Book cover of Storm Front

Kaeleb LD Appleby Author Of Crime in Me'tra

From my list on sci-fi fantasy crime stories that will blow your mind.

Why am I passionate about this?

The sci-fi/fantasy/crime genre is probably one I’ve known the least about, and I only really started to dive down the rabbit hole when I began writing my series. I’m glad I did. The world-building and lore that is woven into this genre truly sets it apart from the usual stuff. On top of needing an intricate technological imagination that has some grounding in the real world, these kinds of books also need to have characters that are believable and a narrative that is not so futuristic that it strains credulity. It’s a tough mix to get right, but when I find a story that nails these aspects it really immerses me into the world and narrative like nothing else.   

Kaeleb's book list on sci-fi fantasy crime stories that will blow your mind

Kaeleb LD Appleby Why did Kaeleb love this book?

What I enjoyed most about these books was the pure entertainment, blending moments of tension, thrilling suspense, and poignant emotions that resonated deeply. Loved the way it blended the occult with your classic detective novels.

I also really enjoy the character of Harry Dresden and the rich supernatural world crafted by Butcher, where Dresden operates as a supernatural detective (or wizard for hire). Plus, the writing is very similar to the detective noir styles of Raymond Chandler and Dashiell Hammett, which brings unique vibes.

By Jim Butcher,

Why should I read it?

20 authors picked Storm Front as one of their favorite books, and they share why you should read it.

What is this book about?

In the first novel in the #1 New York Times bestselling Dresden Files series, Harry Dresden’s investigation of a grisly double murder pulls him into the darkest depths of magical Chicago…

As a professional wizard, Harry Dresden knows firsthand that the “everyday” world is actually full of strange and magical things—and most of them don’t play well with humans. And those that do enjoy playing with humans far too much. He also knows he’s the best at what he does. Technically, he’s the only at what he does. But even though Harry is the only game in town, business—to put…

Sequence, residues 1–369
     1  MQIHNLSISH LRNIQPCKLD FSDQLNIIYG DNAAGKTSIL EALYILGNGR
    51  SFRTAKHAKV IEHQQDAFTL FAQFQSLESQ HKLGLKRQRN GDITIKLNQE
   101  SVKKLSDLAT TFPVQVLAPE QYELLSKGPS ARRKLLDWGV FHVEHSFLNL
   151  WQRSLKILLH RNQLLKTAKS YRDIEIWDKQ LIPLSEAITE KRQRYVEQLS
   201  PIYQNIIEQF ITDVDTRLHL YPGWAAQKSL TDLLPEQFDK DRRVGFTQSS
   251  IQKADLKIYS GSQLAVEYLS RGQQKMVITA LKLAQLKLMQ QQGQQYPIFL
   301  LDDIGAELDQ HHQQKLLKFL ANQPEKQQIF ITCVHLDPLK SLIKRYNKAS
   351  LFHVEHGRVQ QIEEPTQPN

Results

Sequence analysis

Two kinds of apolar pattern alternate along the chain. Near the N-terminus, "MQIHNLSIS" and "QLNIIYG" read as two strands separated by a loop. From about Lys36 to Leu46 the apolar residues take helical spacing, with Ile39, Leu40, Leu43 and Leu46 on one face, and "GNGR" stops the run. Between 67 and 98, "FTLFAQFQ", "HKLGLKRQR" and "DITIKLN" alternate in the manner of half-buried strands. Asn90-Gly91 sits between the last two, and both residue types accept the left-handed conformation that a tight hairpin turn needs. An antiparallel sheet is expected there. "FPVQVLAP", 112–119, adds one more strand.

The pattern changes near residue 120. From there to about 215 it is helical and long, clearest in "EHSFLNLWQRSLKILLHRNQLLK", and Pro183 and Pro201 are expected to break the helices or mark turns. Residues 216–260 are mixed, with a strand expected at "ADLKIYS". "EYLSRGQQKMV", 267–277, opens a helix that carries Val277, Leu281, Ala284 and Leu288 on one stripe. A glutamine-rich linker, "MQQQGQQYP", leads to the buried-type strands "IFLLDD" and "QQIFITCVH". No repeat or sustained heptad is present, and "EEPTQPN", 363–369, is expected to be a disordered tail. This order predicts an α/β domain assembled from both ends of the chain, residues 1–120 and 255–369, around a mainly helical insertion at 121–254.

Book cover of The Gunslinger

Ty'Ron W. C. Robinson II Author Of Lost in Shadows: Remastered

From my list on dark fantasy books that fascinate the minds of storytellers and their craft.

Why am I passionate about this?

I’m passionate about dark fantasy stories due to the fact of their characters and worlds. The eeriness of their landscapes can tell a tale of their own. Dark fantasy has always been a drawing interest for me when it comes to telling stories. I read these books mainly because of their dark fantasy worlds. The stories and characters which come to life as I read them only captivated my creativity to tell my own stories. It is my sincere desire that you take a look into these books on this list and have your creativity sparked just as my own to craft your own dark fantasy stories.

Ty'Ron's book list on dark fantasy books that fascinate the minds of storytellers and their craft

Ty'Ron W. C. Robinson II Why did Ty'Ron love this book?

I loved how The Gunslinger pulls you into a new world. A world layered with mystery and intrigue.

Who is The Gunslinger? Who is The Man in Black? What is The Dark Tower? These questions form in my mind as I read through the pages. Seeing how much the landscape of Mid-World brings. This book in particular had inspired me in many ways of my own creativity.

By Stephen King,

Why should I read it?

13 authors picked The Gunslinger as one of their favorite books, and they share why you should read it.

What is this book about?

The Dark Tower is now a major motion picture starring Matthew McConaughey and Idris Elba.

'The man in black fled across the desert, and the gunslinger followed.' The iconic opening line of Stephen King's groundbreaking series, The Dark Tower, introduces one of his most enigmatic and powerful heroes: Roland of Gilead, the Last Gunslinger.

Roland is a haunting figure, a loner, on a spellbinding journey toward the mysterious Dark Tower, in a desolate world which frighteningly echoes our own.

On his quest, Roland begins a friendship with a kid from New York named Jake, encounters an alluring woman and faces…


Book cover of Leviathan Wakes

Morgan Biscup Author Of In Spite of the Inevitable

From my list on sci-fi books moral and perspective dilemmas.

Why am I passionate about this?